Turkey has received more refugees than any other country since 2011 – as many as 4.3 million. Turkey is a large and populous country and is better equipped to handle the challenge than, for example, Lebanon. Nevertheless, it is challenging to provide protection to such a large number of people within a few short years.

Turkey signed an agreement with the European Union (EU) in 2016 that prevents refugees from moving on to Europe. This has had serious consequences for both the refugees who have made it to Greece and those who remain in Turkey.

5. Uganda – 3.7 per cent

Uganda has received 1.8 million refugees over the last ten years and is one of the largest recipients of refugees in the world. In recent years, Uganda has provided protection to people from DR Congo and South Sudan in particular, but the country has also received refugees from Burundi, Somalia, Rwanda and several other countries. Uganda is a pioneer in integrating refugees and giving them full rights.

Top 10 refugee-receiving countries

6. Sudan – 2.7 per cent

With over 1.2 million refugees since 2012, Sudan is the fifth largest recipient country in absolute numbers. Most have fled the conflict in neighbouring South Sudan. In the past year, the country has also received refugees from the conflict in Ethiopia. Sudan is also a key transit country for refugees from Eritrea, Ethiopia and Somalia, among others, who are trying to flee to Europe. 

7. Sweden – 2.6 per cent

Sweden has long had the most generous refugee policy in Europe and, unlike many other countries, has actively welcomed refugees. But the large influx of refugees to Europe in 2015, where many European countries were unwilling to share the responsibility, led the government to introduce a temporary law that limited the rights of refugees to a minimum of what the country has committed itself to through international conventions. Despite this, Sweden still received far more refugees than most European countries.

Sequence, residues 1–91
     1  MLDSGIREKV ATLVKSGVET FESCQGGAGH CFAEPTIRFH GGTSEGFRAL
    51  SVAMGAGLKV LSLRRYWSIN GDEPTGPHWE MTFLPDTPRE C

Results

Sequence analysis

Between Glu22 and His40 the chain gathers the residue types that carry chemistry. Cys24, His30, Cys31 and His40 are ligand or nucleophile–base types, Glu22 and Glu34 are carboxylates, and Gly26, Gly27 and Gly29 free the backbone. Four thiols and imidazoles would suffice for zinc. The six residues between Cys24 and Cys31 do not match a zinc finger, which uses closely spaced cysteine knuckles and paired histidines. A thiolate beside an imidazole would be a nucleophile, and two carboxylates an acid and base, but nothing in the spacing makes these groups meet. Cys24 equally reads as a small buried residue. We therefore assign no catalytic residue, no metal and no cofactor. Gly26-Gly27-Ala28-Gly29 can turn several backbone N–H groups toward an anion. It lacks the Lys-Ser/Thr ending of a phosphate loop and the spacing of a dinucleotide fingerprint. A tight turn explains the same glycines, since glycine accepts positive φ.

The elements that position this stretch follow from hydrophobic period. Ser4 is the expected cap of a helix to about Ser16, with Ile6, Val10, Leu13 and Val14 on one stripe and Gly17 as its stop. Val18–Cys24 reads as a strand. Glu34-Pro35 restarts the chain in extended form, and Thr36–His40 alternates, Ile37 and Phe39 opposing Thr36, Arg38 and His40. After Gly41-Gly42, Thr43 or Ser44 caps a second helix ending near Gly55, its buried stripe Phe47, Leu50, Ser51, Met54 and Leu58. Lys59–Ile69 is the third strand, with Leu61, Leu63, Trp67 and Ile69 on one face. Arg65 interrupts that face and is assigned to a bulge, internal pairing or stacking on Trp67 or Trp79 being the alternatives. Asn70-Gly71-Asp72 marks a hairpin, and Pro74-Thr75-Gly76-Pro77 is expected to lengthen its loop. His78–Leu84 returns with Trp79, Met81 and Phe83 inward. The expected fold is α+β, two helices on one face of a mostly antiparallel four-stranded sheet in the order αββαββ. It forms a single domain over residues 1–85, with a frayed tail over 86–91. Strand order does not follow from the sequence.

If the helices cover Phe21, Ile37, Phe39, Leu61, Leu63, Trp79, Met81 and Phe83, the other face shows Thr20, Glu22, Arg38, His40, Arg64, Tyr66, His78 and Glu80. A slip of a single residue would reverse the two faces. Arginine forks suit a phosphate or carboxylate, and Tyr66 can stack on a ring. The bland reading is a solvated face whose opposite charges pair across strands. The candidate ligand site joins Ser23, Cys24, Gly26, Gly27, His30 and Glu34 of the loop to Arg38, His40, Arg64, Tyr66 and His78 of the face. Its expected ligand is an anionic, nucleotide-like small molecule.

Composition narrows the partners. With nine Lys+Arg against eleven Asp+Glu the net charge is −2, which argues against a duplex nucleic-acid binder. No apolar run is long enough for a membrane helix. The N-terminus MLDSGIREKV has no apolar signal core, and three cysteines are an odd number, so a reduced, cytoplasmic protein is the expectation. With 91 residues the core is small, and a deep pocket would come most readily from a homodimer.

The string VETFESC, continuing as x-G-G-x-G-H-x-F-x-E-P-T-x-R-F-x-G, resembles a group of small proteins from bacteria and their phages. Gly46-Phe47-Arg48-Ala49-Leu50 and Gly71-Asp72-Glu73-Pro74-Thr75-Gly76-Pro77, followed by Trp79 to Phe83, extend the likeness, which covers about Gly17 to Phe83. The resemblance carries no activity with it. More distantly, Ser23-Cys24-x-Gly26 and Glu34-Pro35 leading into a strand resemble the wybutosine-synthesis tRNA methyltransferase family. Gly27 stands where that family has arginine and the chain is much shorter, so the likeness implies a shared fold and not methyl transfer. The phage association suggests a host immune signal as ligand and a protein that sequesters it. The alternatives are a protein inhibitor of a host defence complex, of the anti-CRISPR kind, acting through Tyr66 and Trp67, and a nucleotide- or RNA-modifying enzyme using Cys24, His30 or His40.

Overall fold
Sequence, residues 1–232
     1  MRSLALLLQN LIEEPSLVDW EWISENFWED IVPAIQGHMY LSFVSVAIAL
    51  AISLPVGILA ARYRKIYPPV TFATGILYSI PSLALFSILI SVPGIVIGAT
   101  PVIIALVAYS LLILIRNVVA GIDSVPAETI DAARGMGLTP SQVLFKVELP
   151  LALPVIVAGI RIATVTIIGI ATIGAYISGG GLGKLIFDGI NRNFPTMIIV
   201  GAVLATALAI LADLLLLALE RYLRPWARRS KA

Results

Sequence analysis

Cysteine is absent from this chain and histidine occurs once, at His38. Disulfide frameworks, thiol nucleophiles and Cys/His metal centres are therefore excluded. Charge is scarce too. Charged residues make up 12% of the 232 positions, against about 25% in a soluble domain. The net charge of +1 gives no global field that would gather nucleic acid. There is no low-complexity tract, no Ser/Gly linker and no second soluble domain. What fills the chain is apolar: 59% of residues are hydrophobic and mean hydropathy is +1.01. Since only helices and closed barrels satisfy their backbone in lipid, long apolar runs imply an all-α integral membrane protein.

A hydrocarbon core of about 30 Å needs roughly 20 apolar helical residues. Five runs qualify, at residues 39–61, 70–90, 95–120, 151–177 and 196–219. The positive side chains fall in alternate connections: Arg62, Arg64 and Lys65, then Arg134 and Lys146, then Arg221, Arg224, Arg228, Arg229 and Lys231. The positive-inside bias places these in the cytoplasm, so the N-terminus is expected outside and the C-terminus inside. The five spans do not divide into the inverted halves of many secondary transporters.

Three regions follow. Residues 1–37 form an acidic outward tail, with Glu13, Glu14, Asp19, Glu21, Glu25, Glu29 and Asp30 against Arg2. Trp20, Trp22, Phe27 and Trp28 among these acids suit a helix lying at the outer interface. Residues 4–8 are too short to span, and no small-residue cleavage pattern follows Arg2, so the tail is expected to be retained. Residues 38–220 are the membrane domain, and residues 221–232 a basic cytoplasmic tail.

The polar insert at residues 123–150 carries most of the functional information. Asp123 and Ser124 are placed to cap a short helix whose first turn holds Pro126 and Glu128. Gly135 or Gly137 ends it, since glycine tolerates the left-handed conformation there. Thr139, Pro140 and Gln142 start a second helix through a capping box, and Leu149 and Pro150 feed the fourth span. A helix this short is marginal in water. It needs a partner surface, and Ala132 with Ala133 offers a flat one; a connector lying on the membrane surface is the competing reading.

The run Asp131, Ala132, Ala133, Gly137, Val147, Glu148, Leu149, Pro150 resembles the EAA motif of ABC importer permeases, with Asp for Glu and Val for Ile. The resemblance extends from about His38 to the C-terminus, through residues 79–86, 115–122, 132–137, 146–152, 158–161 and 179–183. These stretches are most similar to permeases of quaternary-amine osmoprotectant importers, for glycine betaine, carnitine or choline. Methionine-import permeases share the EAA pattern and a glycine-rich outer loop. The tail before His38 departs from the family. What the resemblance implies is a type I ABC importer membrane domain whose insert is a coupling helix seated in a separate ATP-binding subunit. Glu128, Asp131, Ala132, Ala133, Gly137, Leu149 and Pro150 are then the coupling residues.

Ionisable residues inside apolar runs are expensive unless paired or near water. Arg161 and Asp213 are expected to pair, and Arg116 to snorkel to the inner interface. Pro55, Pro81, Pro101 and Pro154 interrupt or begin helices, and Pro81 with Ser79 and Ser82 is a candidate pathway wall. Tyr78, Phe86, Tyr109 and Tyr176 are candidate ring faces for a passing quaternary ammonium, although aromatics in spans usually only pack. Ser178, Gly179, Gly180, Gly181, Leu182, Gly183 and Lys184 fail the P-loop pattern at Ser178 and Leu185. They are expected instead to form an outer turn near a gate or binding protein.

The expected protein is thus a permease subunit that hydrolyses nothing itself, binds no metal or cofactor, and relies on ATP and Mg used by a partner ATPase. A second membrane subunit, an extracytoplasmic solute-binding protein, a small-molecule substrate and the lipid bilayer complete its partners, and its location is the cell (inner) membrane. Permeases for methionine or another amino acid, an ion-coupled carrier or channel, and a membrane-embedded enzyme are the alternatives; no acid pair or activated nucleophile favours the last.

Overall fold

8. Malta – 2.5 per cent

Alongside Sweden, Malta is the Western country that has received the most refugees relative to its population. The country is located near the coast of North Africa and receives many refugees and migrants trying to reach Europe from Libya. The pressure became even greater for a period when Italy made it almost impossible for rescue vessels to dock at its own ports.

9. Mauritania – 2.4 per cent

Mauritania has for decades had an open-door policy towards refugees from the region and is the largest recipient country of refugees from the civil war in neighbouring Mali. It has also for several decades housed refugees from the occupied Western Sahara. In addition, Mauritania has received refugees from a number of other countries, including as far away as Syria.

10. Greece – 2.2 per cent

For a long time, refugees have travelled through Greece on their way to other countries in Europe. But until the so-called European “refugee crisis” in 2015 and 2016, relatively few refugees remained in Greece. This changed dramatically when the EU tightened its refugee policy and demanded that, as a general rule, all refugees should receive protection in the first European country to which they arrived. This put a lot of pressure on Greece, which did not have the capacity to provide good protection to large numbers of refugees. As a result, refugees have had to live in poor conditions in overcrowded camps, including on the Greek islands.